What to Wear to Burning Man
You can literally wear anything –or nothing at all– to Burning Man. Which is probably why planning your clothes for the Burn can be overwhelming. Especially if you’ve googled “Burning Man Fashion” only to find hundreds of images of models in elaborate costumes or in clothes too revealing to feel comfortable in. In reality, many of those models were dressed for the photo shoot, not for playing all day and dancing all night in this spectacular playground.
This will be my tenth burn and I’m still refining what I wear and where I source it, always seeking to reduce the environmental impact of an admittedly carbon-intensive festival. Here are some of what I learned on how to dress for a transformative week:
1. Dress for Movement
Find clothes you will be comfortable in and won’t limit your movement because there are sculptures to climb, trampolines to jump on, swings, even a roller disco. Onesies are great, but they make using the porta potties extra challenging.
Another note on long skirts, scarves, and dresses: secure them while riding bikes so the extra fabric doesn’t get caught in your bike wheel. I’ve helped many burners detangle skirts, scarves, and kimonos from their gear trains.
2. Dress for the Elements
Black Rock City, like any desert, can get very hot on the playa during the day and very cold at night. Clothes to keep you cool and/or shield you from the sun for the day are helpful, as well as a warm coat/clothes for the cold nights.
Then there is the dust, which is extremely alkaline and will dry out your skin, nostrils and cuticles. Boots or high-tops will cover the ankles and keep dust from getting in your shoe or socks. You will need masks, scarfs, keffiyehs, or bandanas to cover your nose and mouth to keep from breathing the dust. You will need goggles for both day and night (tinted and clear) to see in dust storms. Sunglasses for the bright sun, and gloves to protect your hands while setting up or tearing down camp.
I always bring a few hats (snug fitting or with a chinstrap/ties to keep them from blowing off on a windy bike ride). And hoods to cover dusty hair.
3. Dress on Principle
Burning Man has 10 principles that we are all expected to live by at the festival. 3 of them apply to what and how you dress:
Leave No Trace
The tiny feathers, false eyelashes, hair extensions and face jewels that end up in the dust are gathered BY HAND after the festival by a team of volunteers. My first burn, I wore a gorgeous vintage sequin gown which looked spectacular in the sunlight but, after dancing for an hour, looked like a clean-up crew’s nightmare: hundreds of sequins had fallen off. Ugh. So now I wear clothes which won’t shed and become MOOP (“Matter out of place”, aka rubbish). So check to see if the materials are secure and will hold up to wear.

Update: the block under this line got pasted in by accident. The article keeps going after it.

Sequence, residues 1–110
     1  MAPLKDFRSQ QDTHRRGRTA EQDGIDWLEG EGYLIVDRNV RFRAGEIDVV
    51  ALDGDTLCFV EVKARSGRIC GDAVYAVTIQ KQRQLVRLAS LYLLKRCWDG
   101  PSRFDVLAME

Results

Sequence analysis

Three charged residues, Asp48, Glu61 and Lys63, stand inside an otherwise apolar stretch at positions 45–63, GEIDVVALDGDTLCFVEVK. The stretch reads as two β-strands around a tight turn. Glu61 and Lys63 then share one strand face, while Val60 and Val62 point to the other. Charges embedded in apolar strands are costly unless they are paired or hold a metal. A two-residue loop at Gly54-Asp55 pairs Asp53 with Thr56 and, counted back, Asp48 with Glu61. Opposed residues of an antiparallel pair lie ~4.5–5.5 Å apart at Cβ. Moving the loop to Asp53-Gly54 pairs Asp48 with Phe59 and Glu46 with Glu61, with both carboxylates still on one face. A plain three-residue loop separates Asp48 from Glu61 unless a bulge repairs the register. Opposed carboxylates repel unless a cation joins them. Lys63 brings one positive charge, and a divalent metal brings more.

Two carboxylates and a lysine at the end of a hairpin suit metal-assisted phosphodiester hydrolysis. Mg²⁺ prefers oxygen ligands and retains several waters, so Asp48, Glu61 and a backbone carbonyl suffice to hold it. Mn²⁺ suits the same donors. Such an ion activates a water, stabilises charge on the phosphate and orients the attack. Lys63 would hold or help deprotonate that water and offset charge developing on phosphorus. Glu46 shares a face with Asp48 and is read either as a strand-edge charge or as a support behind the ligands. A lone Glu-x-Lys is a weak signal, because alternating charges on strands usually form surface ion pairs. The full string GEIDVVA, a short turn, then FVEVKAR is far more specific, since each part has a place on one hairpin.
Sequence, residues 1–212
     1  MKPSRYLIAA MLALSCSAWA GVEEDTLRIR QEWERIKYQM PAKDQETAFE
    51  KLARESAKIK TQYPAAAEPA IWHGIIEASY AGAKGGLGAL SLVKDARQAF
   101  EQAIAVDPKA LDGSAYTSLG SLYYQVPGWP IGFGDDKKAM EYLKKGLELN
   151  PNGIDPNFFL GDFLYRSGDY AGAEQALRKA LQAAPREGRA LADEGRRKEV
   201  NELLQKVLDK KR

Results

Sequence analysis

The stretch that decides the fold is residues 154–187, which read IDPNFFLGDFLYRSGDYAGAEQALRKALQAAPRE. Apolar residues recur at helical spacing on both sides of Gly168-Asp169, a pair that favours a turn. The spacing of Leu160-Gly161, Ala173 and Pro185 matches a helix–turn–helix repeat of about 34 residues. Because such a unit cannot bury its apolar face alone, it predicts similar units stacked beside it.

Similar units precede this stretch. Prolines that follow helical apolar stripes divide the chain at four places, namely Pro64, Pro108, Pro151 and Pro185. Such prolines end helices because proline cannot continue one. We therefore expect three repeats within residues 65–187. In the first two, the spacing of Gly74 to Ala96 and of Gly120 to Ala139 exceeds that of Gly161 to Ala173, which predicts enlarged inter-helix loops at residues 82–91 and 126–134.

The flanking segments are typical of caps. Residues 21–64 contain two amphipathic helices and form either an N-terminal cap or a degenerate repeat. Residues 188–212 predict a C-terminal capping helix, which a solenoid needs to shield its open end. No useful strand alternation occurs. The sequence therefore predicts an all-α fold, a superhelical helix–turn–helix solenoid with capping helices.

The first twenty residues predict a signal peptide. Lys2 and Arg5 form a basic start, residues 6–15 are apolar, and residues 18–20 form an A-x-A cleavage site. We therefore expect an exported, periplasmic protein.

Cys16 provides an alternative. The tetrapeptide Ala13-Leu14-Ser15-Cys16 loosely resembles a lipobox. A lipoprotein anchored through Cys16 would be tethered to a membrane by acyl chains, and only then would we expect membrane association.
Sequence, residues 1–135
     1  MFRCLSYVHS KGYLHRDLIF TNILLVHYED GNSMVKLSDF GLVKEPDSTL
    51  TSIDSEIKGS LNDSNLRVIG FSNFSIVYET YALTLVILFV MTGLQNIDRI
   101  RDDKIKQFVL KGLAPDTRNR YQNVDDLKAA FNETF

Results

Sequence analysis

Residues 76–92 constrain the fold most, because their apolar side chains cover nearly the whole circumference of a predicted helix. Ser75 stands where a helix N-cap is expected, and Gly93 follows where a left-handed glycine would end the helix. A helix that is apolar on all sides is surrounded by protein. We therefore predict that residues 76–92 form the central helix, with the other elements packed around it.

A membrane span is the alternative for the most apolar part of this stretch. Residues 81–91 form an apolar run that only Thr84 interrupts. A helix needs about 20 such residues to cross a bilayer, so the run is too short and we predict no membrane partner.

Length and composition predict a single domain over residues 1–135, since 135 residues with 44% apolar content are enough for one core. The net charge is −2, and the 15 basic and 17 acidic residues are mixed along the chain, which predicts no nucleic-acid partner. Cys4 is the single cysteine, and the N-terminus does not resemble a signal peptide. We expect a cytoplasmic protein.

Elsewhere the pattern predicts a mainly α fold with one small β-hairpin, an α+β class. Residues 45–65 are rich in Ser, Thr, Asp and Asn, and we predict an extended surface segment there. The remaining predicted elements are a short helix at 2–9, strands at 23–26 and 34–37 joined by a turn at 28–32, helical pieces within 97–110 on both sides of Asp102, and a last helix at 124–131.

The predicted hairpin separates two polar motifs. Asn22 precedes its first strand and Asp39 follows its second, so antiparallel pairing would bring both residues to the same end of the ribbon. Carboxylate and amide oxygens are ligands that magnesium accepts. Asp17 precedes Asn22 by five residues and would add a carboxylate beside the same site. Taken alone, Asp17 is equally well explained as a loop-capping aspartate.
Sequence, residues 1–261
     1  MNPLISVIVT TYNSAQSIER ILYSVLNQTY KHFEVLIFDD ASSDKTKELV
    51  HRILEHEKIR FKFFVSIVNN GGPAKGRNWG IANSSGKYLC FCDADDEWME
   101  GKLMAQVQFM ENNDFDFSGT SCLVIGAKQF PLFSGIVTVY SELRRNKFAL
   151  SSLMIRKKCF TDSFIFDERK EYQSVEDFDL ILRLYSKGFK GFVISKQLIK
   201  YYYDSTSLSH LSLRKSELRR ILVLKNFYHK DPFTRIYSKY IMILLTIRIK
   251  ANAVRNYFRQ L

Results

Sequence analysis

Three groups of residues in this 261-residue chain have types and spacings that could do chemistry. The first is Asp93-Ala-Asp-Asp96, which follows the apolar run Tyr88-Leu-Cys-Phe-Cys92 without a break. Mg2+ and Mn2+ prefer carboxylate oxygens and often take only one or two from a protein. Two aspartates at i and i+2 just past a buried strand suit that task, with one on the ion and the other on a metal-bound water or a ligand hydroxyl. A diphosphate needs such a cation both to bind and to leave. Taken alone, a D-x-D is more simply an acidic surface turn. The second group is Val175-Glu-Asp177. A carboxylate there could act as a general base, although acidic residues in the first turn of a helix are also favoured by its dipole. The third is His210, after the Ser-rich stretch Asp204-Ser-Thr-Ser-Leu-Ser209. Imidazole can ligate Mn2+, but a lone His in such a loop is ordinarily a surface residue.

Another Burning Man principle is decommodification, which means don’t wear clothes which display brand names. On a more conscious level, it also means not buying into commodified festival culture and fast fashion (I.E. buying everything at Dolls Kill or iHEARTRAVE).
This is your invitation to create something. Make a headpiece, bedazzle your sunglasses, sew a costume, upcycle your clothes.
4. Get Lit
At night, there are tens of thousands of people on bikes and art cars, many not sober. So it is vital (literally) you stay lit at night. LED lights will keep you seen. Thought these battery-powered lights are all made in China from plastics, they are a necessary evil to keep safe, but if someone out there knows of a more eco brand, please let us know.
5. Appreciate, don’t appropriate
Be inspired by and incorporate elements from cultures all over the world, but do so with respect. For example, please don’t wear feather headdresses (if you don’t know why, here’s a read), but feel free to rock those Indigenous-made earrings.
Off the playa, many styles of braids would be considered cultural appropriation, but due to the nature of the alkaline dust, braids are practical in keeping your hair from becoming matted and knotted, especially without access to showers. If you wear braids, opt for styles traditional to your own ancestry.
Where to Shop (And not Shop)
1. Vintage & Thrift stores
Not only are these more eco than buying new, you can find some wonderful & weird items in thrift stores to express your inner weird.
Classics to look out for:
- Military Jumpsuits
- ski goggles
- furry jackets
- marching band suits
- beach coverups
- figure skating costumes
2. Support artisans
3. Clothes Swap
In a local camp? Organize a playa clothes swap. If your camp isn’t local, invite your festival friends to swap before this burn.
4. Upcyle your clothes
I’ve sewn el wire on an old Christmas party dress, transforming it into an illuminated costume that I even wore to a wedding reception after the burn. What’s in your closet that you’re willing to transform and get dusty? A large patch could make an old robe something spectacular. Get creative.
5. At the Burn
There are camps on the playa which bring tons of burner clothes, like Kostume Kult. You’ll have to walk their runway in whatever you find, but that’s part of the fun.
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